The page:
flooded farm field
Flooded farm field

According to the HelpGuide article, Coping with Grief and Loss, grief is a natural response to loss. It’s the emotional suffering you feel when something or someone you love is taken away. Often, the pain of loss can feel overwhelming. You may experience all kinds of difficult and unexpected emotions, from shock or anger to disbelief, guilt, and profound sadness. The pain of grief can also disrupt your physical health, making it difficult to sleep, eat, or even think straight. These are normal reactions to loss—and the more significant the loss, the more intense your grief will be.

So, as we go through the holiday season and beyond, it’s important that we recognize and understand that grief and the grieving process looks different for everyone. Here are some tips from AARP for dealing with grief during the holidays:

  1. Only do what feels right– decide which activities, traditions or events you can handle.
  2. Accept your feelings, whatever they might be– however you feel, accept it. And accept the inevitable ups and downs.
  3. Call on your family and friends– be honest about how you’d like to do things this year — if you want to talk about those who have passed, then do so, and let others know it’s OK.
  4. Focus on the kids– many holidays place special attention on children, and it often helps to focus on their needs.
  5. Plan ahead– create comforting activities in the weeks approaching a holiday so that you have something to look forward to rather than building up a dread of the pain the holiday could bring.
  6. Scale back– if the thought of many holiday activities feels painful, overwhelming or inappropriate this year, cutting back may help.
  7. Give– it’s amazing how in times of grief, sometimes the biggest comfort is to give to others.
  8. Acknowledge those who have passed on– when we are grieving a loss of someone very close to us, it can be helpful to participate in a related holiday ritual in his or her memory.
  9. Do something different– acknowledge that things have changed; indeed, the holiday will not be the same as it was ever again.
  10. Skip it– if you feel that it will be too much for you and you’d like to simply opt out of participation in a holiday, let family and friends know.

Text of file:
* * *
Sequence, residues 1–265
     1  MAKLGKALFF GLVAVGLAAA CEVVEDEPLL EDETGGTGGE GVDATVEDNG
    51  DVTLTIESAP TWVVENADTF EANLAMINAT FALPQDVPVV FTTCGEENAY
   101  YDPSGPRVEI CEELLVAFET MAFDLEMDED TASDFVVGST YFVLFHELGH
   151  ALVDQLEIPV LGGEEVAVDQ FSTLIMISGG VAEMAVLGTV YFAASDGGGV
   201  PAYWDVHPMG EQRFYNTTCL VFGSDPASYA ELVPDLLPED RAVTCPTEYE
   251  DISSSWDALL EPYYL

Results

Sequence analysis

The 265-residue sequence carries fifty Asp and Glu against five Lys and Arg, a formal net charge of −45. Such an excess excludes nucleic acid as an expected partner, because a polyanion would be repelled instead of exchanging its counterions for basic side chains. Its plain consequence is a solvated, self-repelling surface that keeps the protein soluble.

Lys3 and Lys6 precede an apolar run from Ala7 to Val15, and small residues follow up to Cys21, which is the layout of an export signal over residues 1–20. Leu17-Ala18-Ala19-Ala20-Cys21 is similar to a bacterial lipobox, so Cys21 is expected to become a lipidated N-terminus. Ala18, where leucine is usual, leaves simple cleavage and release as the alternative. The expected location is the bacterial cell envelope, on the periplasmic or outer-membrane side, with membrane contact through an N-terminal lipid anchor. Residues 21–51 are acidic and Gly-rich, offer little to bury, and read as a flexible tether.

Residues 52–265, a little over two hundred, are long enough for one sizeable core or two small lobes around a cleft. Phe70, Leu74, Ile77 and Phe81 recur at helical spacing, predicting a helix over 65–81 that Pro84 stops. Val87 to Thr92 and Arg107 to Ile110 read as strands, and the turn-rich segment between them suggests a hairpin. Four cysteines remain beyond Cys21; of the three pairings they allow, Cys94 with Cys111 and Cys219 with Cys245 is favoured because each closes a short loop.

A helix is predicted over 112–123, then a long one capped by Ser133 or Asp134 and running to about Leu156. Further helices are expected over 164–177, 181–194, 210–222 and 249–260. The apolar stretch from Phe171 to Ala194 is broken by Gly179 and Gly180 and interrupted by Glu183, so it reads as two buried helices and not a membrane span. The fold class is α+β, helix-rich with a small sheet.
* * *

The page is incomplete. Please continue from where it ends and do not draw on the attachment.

By using some of these tips, hopefully the holidays don’t have to be a time of sorrow and grief. If you or someone you love exhibits any of the following symptoms, seeking professional help is advised:

  1. Feel like life isn’t worth living.
  2. Wish you had died with your loved one.
  3. Blame yourself for the loss or for failing to prevent it.
  4. Feel numb and disconnected from others for more than a few weeks.
  5. Are having difficulty trusting others since your loss.
  6. Are unable to perform your normal daily activities.

Here’s hoping that you can find some joy and comfort over the holidays and in to the new year!

Writer: Misty Harmon, Family and Consumer Sciences Educator, Ohio State University Extension, Perry County, harmon.416@osu.edu

Reviewer: Amanda Bohlen, Family and Consumer Sciences Educator, Ohio State University Extension, Washington County, bohlen.19@osu.edu

Sources:

Curiel, Ashley. (2016). The Least Wonderful Time of the Year? Good Therapy. Retrieved from: https://www.goodtherapy.org/blog/holidays-least-wonderful-time-of-year-1216164

Goyer, Amy. (2012). Dealing With Grief During the Holiday Season. AARP. Retrieved from: https://www.aarp.org/home-family/friends-family/info-12-2012/death-loss-christmas-holidays-goyer.html

Pappas, Stephanie. (2019). Unique pressures put America’s farmers under stress. American Psychological Association. Retrieved from: https://www.apa.org/helpcenter/farmers-under-stress

Smith, M., Segal, J., and Robinson, L. (2019). Job Loss and Unemployment Stress. HelpGuide. Retrieved from: https://www.helpguide.org/articles/stress/job-loss-and-unemployment-stress.htm

Smith, M., Segal, J., and Robinson, L. (2019). Coping with Grief and Loss. HelpGuide. Retrieved from: https://www.helpguide.org/articles/grief/coping-with-grief-and-loss.htm

Photos:

https://pixabay.com/photos/rainy-christmas-grief-child-kid-83136/

https://pixabay.com/photos/arable-field-flood-wet-ground-406153/

https://pixabay.com/photos/pants-bag-list-wrench-job-search-1255851/